If you plan to start a new business, or you’ve just launched your business, it is important for you to know your federal tax responsibilities. Here are five basic tips from the IRS that can help you get started.
1. Type of Business. Early on, you will need to decide the type of business you are going to establish. The most common types are sole proprietorship, partnership, corporation, S corporation and Limited Liability Company. Each type reports its business activity on a different federal tax form.
2. Types of Taxes. The type of business you run usually determines the type of taxes you pay. The four general types of business taxes are income tax, self-employment tax, employment tax and excise tax.
3. Employer Identification Number. A business often needs to get a federal EIN for tax purposes. Check IRS.gov to find out whether you need this number. If you do, you can apply for an EIN online.
4. Recordkeeping. Keeping good records will help you when it’s time to file your business tax forms at the end of the year. They help track deductible expenses and support all the items you report on your tax return. Good records will also help you monitor your business’ progress and prepare your financial statements. You may choose any recordkeeping system that clearly shows your income and expenses.
5. Accounting Method. Each taxpayer must also use a consistent accounting method, which is a set of rules that determine when to report income and expenses. The most common are the cash method and accrual method. Under the cash method, you normally report income in the year you receive cash and deduct expenses in the year you paid cash for them. Under the accrual method, you generally report income in the year you bill it and deduct expenses in the year you received the bill. This is true even if you receive the income or pay the expenses in a future year.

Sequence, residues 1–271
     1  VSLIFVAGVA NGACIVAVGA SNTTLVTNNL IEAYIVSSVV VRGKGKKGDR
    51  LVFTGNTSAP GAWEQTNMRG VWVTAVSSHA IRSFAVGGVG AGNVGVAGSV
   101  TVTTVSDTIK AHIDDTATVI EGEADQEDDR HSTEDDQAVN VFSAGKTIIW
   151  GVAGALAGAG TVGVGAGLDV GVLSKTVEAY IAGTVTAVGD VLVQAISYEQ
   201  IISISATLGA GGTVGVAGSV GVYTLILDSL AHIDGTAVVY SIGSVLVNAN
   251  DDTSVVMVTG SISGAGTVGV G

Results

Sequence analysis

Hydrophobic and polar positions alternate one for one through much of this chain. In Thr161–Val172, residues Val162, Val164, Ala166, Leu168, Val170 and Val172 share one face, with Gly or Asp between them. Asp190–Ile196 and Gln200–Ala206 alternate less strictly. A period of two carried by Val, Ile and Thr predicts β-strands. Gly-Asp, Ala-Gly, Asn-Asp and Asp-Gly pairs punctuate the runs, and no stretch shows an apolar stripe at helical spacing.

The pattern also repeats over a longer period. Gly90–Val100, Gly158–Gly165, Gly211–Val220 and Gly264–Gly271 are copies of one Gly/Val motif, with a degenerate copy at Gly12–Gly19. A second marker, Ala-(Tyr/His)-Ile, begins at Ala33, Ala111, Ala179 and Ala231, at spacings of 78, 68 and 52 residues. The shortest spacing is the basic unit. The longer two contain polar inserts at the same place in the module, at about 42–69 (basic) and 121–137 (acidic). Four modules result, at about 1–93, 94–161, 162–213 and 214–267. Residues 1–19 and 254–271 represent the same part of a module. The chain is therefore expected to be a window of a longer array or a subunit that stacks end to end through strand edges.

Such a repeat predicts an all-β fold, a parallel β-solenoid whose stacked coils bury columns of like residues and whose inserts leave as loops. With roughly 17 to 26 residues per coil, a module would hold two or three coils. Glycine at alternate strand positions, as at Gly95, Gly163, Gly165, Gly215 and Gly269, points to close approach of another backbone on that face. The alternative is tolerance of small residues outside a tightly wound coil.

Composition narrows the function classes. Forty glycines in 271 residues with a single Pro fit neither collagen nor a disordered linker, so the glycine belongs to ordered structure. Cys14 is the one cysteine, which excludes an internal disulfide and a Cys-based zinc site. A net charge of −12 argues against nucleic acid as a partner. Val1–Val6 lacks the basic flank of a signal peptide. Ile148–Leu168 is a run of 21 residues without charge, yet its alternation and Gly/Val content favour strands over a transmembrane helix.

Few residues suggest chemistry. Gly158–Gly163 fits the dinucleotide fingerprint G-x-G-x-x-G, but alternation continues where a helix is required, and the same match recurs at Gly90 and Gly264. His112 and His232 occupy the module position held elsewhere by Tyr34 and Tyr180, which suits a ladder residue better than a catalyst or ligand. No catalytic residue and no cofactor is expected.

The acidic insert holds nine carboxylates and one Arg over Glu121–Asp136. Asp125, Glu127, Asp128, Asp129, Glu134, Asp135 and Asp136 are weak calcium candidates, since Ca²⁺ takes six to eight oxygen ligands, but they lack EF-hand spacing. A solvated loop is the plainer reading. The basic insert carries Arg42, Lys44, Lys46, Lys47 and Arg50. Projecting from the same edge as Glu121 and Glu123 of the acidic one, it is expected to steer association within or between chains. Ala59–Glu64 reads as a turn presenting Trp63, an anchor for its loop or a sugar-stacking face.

Want to get more info? Visit the IRS Video Portal and check out the Starting a Business and the Small Business Taxes sections. There are a variety of videos that cover topics that affect small business owners and the self-employed. You can also contact me with any questions.
Jéneen R. Perkins is a freelance accountant and consultant serving entrepreneurs, families and small businesses. She prides herself in being fluent in English instead of “Accountant-ese”.
"Putting My Money Where My Mouth Is" is a journal about real life experiences and answers to tough tax questions posed to Jéneen R. Perkins, Owner of Eclat Enterprises, LLC